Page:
Re: Inspiring those who are struggling.

Posted: Thu Nov 02, 2017 7:01 pm
by Andrew_1711
In short answer to one of your questions - I am from the inside and outside and looking in and out from many angles. Let me explain:

I look after my 75 year old Mum who has Alzheimers (getting to be later stages). She is also arthritic in both knees and her mobility is now decreasing on a monthly basis.

I also work as a paid carer / support worker and have looked after a whole range of needs including Dementia, Autism, Aspergers, Challenging Behaviour, Immigration, Alcohol and Drugs Rehabilitation as well as many other spheres of Care.

One of our aims is to assist carers to become self employed and persuade the government to raise DP hourly wage for home visits and care home visits is a) better paid carers helps motivation, standards and continuity. This is complicated when associated with paying people who look after loved ones as I do and aren't paid for except for Attendance Allowance. Given the national debt is about £1.9 trillion and rising it would be brave (!) of any government to admit it is becoming harder to fund without taxing a significant proportion of the population. Short term taxation it seems is a temporary solution and getting people to save for their and their loved ones will have to be more effective in the future - which is hard for people on low incomes like me, but as least forewarned is forearmed.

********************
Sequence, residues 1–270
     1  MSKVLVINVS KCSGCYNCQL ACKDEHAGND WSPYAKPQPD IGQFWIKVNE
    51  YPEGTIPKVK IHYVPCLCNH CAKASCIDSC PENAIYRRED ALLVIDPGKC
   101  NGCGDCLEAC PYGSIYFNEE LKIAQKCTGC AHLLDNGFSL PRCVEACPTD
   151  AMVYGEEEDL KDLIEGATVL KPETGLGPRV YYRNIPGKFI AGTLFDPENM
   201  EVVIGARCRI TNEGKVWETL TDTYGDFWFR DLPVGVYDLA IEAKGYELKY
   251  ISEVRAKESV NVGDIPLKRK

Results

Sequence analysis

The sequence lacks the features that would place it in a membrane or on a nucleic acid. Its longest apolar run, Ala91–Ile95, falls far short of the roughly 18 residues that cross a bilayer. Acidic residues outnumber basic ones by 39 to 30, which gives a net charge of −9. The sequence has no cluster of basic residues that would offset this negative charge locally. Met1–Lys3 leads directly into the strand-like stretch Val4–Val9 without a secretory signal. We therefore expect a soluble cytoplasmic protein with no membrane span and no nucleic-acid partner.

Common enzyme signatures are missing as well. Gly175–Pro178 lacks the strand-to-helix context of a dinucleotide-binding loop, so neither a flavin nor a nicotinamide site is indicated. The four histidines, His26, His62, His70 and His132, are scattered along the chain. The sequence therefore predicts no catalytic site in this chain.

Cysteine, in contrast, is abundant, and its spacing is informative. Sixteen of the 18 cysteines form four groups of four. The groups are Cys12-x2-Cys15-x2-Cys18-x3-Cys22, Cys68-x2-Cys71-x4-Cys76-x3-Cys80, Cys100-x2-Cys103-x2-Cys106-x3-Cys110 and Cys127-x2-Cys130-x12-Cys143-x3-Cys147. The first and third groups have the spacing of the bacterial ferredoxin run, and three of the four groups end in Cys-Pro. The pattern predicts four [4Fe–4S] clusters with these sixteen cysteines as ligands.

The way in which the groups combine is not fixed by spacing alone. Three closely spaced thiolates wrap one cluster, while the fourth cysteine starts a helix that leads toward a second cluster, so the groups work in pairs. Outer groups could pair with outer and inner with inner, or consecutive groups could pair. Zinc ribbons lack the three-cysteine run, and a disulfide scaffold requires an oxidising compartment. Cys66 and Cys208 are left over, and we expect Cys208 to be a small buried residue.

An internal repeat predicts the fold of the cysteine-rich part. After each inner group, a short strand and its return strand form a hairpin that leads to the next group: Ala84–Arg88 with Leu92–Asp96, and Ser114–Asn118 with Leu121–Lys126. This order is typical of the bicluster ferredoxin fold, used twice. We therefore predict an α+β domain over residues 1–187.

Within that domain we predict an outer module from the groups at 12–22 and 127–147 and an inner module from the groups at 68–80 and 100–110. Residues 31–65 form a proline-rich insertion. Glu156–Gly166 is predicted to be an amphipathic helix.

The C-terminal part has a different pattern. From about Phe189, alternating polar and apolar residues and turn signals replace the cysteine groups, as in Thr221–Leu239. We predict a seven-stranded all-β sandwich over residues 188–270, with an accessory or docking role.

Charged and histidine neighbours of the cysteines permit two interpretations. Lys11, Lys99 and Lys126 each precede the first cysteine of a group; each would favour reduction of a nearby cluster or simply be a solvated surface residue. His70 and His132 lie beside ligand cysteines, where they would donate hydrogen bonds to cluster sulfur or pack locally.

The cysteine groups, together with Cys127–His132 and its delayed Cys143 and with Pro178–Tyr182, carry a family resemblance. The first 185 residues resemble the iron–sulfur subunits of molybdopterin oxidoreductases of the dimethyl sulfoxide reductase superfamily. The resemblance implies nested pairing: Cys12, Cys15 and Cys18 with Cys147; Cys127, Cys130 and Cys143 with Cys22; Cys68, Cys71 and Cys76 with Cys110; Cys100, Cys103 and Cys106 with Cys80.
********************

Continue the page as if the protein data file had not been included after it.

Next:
Anyhow please do ask any more questions. I have to go now as Mum is calling, but I will reply within a reasonable space of time.

Kind regards

Andrew